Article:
Building the rain gauge of the future

A Star Wars style satellite, antique airplane and a flock of ground truthers seek to improve weather forecasts

CARMAN, Man. — Hitch a high tech NASA satellite to a 1930s DC3 aircraft, add 10 teams of students and scientists prowling southern Manitoba fields and you’ll have a highly accurate climate prediction model.

The project encompasses organizations such as NASA, the U.S. Department of Agriculture and the University of Manitoba. It’s called Soil Moisture Active Passive (SMAP), and while the title may not sound too exciting, the mission itself is, especially for prairie farmers.

The NASA-SMAP-USDA satellite takes images that document soil moisture, and SMAP scientists use the data to build better, more accurate weather forecast models.

The intent is simple, but the technology is not.

This NASA satellite measures sunlight reflecting off the surface of the Earth as a means of determining soil moisture. The satellite has focused its attention on southern Manitoba this summer. | NASA illustration

This NASA satellite measures sunlight reflecting off the surface of the Earth as a means of determining soil moisture. The satellite has focused its attention on southern Manitoba this summer. | NASA illustration

Building SMAP climate models involves images from the NASA satellite launched in 2015, images from a low-flying DC3, more images from a lower-flying drone and a large volume of data gathered on the ground by an array of people and their instruments.

Soil moisture is a result of weather, but it also works the other way around. Weather is a result of moisture already in the soil, says Michael Cosh, USDA co-ordinator on the SMAP project.

Tyson Ochsner hammers a core sampler into the ground to obtain a volumetric calibration for soil moisture. Ground-truthing is critical for soil moisture research. | Michael Cosh photo

Tyson Ochsner hammers a core sampler into the ground to obtain a volumetric calibration for soil moisture. Ground-truthing is critical for soil moisture research. | Michael Cosh photo Cosh is stationed at the remote sensing lab in Maryland, but he has spent time in Manitoba fields working with the projects, ground-truthing component.

“Measuring soil moisture is now one of our (USDA) top priorities because it affects our climate so significantly,” Cosh said.

“The benefit will be better weather forecasting and better climate modelling in terms of flood forecasting, reservoir management, irrigation, assessing drought conditions and understanding the surface of the Earth.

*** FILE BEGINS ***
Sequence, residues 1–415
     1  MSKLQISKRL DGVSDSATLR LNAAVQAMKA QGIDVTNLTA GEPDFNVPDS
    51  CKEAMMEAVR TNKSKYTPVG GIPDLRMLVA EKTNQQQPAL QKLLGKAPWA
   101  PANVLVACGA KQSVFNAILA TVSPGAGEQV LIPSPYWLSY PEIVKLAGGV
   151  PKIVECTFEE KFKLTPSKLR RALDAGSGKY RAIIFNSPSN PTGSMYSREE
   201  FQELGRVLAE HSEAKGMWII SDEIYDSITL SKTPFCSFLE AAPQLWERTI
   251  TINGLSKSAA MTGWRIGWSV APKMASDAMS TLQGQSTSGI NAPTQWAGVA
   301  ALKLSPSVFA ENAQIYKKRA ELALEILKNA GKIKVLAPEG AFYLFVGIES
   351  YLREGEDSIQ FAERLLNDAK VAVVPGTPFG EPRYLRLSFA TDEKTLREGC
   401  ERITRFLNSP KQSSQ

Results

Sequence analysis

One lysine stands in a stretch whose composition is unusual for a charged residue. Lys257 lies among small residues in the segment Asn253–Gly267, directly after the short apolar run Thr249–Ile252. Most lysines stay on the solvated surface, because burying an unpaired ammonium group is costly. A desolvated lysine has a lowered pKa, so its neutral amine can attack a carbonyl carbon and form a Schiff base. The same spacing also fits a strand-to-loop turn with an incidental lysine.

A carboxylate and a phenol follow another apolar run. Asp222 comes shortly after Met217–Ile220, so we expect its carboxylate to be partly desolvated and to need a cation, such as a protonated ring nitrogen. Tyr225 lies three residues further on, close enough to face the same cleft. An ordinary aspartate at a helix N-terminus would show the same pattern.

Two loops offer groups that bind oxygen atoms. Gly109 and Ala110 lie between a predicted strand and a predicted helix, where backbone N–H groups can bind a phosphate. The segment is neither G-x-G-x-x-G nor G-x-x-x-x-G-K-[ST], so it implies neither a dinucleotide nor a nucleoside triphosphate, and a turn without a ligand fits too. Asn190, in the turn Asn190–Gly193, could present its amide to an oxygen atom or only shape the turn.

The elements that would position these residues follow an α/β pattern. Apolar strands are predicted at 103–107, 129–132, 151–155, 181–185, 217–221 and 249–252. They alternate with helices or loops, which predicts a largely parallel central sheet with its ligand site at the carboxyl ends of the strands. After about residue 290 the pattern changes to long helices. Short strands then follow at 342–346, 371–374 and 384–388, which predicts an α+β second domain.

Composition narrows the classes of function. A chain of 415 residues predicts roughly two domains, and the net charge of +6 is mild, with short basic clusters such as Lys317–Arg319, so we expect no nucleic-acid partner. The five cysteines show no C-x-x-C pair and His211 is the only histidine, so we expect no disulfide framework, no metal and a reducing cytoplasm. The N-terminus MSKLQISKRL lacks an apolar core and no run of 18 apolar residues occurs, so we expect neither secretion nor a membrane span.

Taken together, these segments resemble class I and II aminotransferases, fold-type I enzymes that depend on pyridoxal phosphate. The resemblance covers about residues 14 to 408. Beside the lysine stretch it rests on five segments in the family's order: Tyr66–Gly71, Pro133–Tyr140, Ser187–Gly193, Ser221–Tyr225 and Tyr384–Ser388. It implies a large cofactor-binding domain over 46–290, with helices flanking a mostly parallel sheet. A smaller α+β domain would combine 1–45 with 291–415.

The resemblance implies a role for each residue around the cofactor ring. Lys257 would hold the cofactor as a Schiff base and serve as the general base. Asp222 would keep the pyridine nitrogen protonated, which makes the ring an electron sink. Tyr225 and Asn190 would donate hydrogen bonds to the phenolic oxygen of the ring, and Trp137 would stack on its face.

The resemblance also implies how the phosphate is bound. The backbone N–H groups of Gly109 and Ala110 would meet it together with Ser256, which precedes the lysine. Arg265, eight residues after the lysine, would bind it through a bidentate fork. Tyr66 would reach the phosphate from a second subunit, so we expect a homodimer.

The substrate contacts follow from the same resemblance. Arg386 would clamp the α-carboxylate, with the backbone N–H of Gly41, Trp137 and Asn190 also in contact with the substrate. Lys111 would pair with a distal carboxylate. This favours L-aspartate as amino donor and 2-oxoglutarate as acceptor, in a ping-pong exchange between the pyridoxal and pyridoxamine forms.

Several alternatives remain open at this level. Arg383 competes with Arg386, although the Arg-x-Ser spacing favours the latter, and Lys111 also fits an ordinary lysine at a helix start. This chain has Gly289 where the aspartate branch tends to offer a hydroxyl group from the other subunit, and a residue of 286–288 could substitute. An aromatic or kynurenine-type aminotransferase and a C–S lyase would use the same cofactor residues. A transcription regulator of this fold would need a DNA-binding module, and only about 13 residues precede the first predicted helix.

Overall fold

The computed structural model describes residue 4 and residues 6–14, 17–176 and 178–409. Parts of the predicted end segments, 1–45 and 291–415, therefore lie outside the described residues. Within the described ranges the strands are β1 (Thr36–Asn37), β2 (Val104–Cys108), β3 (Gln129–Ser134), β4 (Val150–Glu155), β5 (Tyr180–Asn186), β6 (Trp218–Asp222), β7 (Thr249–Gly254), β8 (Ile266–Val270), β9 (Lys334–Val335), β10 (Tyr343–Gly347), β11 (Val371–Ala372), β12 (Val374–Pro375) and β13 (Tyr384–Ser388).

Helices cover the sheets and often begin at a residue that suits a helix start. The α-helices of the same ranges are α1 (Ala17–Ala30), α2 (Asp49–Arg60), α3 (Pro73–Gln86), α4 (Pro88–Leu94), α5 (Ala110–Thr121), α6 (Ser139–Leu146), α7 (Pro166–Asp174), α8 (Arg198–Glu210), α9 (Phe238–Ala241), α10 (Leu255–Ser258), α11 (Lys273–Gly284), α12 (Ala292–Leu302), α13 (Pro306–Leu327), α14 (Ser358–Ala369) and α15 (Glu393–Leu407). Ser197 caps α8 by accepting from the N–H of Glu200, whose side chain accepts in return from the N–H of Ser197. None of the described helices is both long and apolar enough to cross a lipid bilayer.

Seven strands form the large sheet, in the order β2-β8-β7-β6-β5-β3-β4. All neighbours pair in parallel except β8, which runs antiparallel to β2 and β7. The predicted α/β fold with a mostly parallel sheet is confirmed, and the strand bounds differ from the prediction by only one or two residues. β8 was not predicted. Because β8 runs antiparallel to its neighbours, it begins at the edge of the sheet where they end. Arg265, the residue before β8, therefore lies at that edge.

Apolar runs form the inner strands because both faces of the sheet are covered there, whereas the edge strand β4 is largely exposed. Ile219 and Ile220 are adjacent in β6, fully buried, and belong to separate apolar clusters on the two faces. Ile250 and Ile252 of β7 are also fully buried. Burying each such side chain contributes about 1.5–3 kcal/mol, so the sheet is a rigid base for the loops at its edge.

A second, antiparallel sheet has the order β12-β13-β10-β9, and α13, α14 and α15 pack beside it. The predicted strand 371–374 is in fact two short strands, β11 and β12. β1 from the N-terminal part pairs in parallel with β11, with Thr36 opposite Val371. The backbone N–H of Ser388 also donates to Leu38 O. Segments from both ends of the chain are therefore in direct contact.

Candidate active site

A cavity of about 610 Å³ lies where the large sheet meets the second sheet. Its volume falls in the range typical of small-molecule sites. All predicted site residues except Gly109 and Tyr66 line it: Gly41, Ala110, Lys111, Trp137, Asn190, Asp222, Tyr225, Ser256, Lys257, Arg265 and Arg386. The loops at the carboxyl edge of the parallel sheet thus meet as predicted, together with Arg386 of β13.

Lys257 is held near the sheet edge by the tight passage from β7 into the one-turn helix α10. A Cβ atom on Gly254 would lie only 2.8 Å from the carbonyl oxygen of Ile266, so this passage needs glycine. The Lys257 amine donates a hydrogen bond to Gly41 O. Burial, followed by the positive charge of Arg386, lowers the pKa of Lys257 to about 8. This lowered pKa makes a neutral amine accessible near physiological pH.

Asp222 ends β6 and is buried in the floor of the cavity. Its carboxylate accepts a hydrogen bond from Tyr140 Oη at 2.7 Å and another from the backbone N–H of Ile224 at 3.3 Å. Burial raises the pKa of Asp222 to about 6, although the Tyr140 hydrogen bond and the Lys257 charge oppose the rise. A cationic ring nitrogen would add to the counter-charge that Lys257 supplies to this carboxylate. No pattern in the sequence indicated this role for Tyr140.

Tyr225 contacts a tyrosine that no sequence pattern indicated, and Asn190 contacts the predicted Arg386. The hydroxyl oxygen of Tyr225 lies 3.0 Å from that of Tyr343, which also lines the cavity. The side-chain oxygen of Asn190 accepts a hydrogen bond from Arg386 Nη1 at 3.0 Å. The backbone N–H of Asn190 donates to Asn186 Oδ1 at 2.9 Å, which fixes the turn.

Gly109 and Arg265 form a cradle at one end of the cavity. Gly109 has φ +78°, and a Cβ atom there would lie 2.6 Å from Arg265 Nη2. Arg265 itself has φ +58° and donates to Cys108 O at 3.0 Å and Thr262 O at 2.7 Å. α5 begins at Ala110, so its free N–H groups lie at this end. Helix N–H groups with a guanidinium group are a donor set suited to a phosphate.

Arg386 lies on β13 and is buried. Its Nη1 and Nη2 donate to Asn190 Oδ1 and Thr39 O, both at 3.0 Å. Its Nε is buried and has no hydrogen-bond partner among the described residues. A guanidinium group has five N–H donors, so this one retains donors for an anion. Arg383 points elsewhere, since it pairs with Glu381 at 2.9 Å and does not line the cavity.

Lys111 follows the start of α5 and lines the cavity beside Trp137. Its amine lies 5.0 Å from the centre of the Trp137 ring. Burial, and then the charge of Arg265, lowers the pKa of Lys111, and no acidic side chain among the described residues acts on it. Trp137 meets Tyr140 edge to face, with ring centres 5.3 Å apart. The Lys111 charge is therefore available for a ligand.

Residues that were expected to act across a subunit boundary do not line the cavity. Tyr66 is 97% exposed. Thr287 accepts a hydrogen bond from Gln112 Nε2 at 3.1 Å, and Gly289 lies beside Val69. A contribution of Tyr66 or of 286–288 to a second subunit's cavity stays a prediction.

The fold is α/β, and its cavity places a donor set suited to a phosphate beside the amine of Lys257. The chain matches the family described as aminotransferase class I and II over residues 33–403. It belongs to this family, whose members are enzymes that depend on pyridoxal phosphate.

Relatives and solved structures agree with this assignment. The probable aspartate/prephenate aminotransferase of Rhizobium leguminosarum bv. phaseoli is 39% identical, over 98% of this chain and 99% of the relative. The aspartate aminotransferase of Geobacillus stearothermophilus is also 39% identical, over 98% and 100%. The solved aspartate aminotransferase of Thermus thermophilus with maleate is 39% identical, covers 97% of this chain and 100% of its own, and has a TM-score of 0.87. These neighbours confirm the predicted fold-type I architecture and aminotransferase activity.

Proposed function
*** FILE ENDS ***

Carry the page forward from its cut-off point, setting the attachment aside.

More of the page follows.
“When sunlight hits the soil, it can do only one of two things. If there’s moisture in the soil, sunlight causes it to evaporate into the atmosphere. If there’s no moisture in the soil, then the sunlight warms the soil.”

The obvious result is that heat build-up in drier soil raises the temperature of the air above the soil and causes air movement.

As well, the evaporating moisture will increase the amount of moisture in the air, which determines the immediate weather and longer-term climate.

“The science of it is that we have a water balance and an energy balance,” Cosh said.

“The energy balance is sunlight coming through the atmosphere, hitting the Earth and doing something. Some energy is reflected, some is absorbed.

“Of the energy that’s absorbed, the first thing it will do is cause water to evaporate from the soil and cause transpiration by plants. The second thing the energy will do is heat the soil. We are gaining a better understanding of these things by using satellite imagery.”

The SMAP antenna is too delicate to support self in Earth’s gravity, so it must hang suspended while researchers make the final connections before folding it up again to fit into a NASA rocket for its journey into space in 2015. | Thomas A Dutch Slager/NASA photo

The SMAP antenna is too delicate to support self in Earth’s gravity, so it must hang suspended while researchers make the final connections before folding it up again to fit into a NASA rocket for its journey into space in 2015. | Thomas A Dutch Slager/NASA photo

The SMAP satellite, which was launched last year, originally used an active sensor that sent and received radar signals and a passive sensor that simply worked like a camera, collecting light signals from the Earth’s surface.

However, the active sensor stopped working shortly after it went into service, so the project is continuing with only the passive system.